CNS schools are similar to Educate Together schools in that they have inclusive enrolment policies which do not prioritise any one group over another, are multi-denominational and have equality central to their ethos.
Unique to each school type is what is known as their ‘Patron’s Programme’. This is done for 30 minutes a day and underpins the ethos of the school. In a Church-run school, it is a single faith formation programme. However, in a Community National School, it is a multi-belief and values education
programme called Goodness Me! Goodness You!
How do Community National Schools cater for religious/secular belief diversity?
Unlike single-denominational schools, Community National Schools have a multi-belief and values education programme that caters for children of all faiths and secular beliefs. The programme is called Goodness Me, Goodness You! or GMGY. This programme was developed by the National Council for Curriculum and Assessment (NCCA) which is the statutory body charged with the development of national curricula.
It is a belief-nurturing programme where children, with the help of their teacher, parents and belief
communities learn more about their own beliefs and those of their friends. Children learn together about
the same theme – the schools communicate with parents about the theme and they talk about it at home from their own faith/belief perspective. Children then share their perspective or experience of the same theme with their class and therefore learn more about themselves and each other.
Does the school support children preparing for special rites of passages e.g. the Sacraments?
Community National Schools also offer Belief Specific Teaching (BST) where parents can request additional supports around specific rites of passage. For example, many Catholic parents want some support from the school around the sacraments. The schools work with the parents and parish around how they can support them, bearing in mind the limitations they have as they are primarily multi-denominational schools. This support is open to all families from all religions and beliefs. It is different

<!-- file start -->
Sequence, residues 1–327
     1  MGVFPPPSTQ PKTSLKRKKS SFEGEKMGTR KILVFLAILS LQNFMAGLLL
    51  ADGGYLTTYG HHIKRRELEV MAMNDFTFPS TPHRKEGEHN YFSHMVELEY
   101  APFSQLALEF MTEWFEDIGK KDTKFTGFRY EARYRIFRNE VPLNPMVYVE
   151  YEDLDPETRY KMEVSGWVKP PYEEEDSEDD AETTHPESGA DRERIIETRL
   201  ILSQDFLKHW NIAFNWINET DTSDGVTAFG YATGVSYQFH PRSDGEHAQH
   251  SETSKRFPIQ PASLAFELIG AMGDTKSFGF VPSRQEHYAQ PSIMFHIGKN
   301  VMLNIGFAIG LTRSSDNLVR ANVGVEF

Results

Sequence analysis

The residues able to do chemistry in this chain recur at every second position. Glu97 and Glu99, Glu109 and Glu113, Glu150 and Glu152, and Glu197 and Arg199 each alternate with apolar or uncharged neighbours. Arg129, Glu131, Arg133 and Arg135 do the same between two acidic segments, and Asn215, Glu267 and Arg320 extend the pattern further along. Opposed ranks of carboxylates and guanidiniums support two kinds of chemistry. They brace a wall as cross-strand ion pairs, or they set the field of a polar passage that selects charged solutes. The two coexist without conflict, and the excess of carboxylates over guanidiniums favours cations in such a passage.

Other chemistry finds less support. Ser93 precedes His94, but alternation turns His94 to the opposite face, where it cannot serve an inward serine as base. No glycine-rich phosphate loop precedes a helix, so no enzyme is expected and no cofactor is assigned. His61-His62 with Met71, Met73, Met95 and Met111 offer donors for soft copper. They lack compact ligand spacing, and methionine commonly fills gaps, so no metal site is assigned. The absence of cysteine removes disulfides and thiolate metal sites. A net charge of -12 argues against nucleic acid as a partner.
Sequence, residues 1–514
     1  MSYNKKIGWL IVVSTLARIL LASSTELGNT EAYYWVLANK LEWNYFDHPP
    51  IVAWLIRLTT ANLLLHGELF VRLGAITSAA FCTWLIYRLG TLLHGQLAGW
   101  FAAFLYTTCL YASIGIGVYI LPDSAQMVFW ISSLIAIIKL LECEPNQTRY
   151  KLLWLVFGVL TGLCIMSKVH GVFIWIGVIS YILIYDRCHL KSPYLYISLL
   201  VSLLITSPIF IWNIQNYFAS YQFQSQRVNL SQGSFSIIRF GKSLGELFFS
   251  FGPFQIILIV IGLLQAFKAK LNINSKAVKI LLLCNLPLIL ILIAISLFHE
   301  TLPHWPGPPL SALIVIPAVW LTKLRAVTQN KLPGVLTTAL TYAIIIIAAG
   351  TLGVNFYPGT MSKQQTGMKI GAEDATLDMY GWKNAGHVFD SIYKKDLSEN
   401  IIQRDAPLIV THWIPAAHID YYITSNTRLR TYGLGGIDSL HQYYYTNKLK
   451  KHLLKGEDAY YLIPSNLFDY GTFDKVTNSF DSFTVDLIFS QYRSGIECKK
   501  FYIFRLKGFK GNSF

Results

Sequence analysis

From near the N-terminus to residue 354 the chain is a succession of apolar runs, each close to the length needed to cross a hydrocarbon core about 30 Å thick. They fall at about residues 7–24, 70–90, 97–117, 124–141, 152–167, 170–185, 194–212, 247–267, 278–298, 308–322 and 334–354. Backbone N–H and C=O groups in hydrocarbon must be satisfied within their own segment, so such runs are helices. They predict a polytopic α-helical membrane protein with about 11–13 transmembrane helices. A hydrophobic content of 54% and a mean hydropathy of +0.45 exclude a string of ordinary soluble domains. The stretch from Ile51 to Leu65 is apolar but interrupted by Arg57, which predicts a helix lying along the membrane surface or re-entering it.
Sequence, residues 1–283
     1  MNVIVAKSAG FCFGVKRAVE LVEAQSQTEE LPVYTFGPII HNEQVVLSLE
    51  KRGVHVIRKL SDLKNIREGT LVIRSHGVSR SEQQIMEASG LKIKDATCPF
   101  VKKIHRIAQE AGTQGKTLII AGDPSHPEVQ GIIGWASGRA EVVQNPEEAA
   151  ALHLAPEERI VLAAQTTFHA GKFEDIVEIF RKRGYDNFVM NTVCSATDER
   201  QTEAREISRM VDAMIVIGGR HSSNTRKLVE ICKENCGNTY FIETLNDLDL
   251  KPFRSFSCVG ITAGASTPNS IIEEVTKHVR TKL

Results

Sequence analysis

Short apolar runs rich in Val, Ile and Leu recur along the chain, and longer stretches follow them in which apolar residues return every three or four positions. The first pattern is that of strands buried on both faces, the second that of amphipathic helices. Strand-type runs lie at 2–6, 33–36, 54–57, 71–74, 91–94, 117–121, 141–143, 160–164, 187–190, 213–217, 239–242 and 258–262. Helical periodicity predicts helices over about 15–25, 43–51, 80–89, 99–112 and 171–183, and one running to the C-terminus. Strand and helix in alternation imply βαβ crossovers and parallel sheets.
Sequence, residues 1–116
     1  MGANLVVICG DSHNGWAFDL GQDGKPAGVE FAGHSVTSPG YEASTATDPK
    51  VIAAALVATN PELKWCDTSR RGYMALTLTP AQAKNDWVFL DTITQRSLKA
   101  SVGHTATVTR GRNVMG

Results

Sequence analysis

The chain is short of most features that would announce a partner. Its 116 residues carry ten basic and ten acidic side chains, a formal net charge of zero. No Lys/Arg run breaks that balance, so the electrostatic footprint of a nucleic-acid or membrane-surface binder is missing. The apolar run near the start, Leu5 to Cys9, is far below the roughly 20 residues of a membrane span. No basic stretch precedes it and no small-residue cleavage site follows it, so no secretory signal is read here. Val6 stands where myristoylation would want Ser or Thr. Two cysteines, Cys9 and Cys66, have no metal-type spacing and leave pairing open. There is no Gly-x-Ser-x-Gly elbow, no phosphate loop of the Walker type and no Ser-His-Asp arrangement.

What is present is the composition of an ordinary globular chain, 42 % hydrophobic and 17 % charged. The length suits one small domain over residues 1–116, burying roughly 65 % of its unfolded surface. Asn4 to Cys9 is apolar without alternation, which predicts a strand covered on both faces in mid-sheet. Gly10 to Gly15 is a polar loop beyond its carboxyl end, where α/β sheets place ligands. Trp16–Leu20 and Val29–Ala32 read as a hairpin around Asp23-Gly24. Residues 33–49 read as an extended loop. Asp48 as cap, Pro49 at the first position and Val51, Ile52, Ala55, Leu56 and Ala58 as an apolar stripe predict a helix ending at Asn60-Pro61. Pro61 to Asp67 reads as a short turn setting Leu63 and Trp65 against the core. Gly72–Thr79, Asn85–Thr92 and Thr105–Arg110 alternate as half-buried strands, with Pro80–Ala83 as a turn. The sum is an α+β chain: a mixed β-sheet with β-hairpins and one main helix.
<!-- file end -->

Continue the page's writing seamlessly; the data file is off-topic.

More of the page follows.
in every Community National School, depending on the needs of the school community and the practices
of local belief communities.
Does the GMGY Programme deal with topics other than religions and beliefs?
The GMGY programme is also a values education programme. Children learn all about ethics and
the values of the school, such as equality and justice. They also do what is called ‘Thinking Time’
where the children learn to think critically and philosophically about different issues. A very nice part of
the programme is what is known as ‘Quiet Time’ where children are encouraged to fall still and think
about all that they have learnt that day in GMGY and to consider how that relates to their lives as
Where are the current Community National Schools and how are they doing?
To date, there are 11 Community National Schools in Dublin, Wicklow, Meath, Kildare and Cork. Each CNS has thrived in the areas they are in and have developed reputations for their inclusive ethos and commitment to excellence in education.
Where can I find out more information about these schools?
For more information or to express an interest in enrolling your child in a new Community National School, please visit www.cns.ie. Each school has its own individual website that can be accessed from here. For more information on Goodness Me! Goodness You! please visit www.gmgy.ie.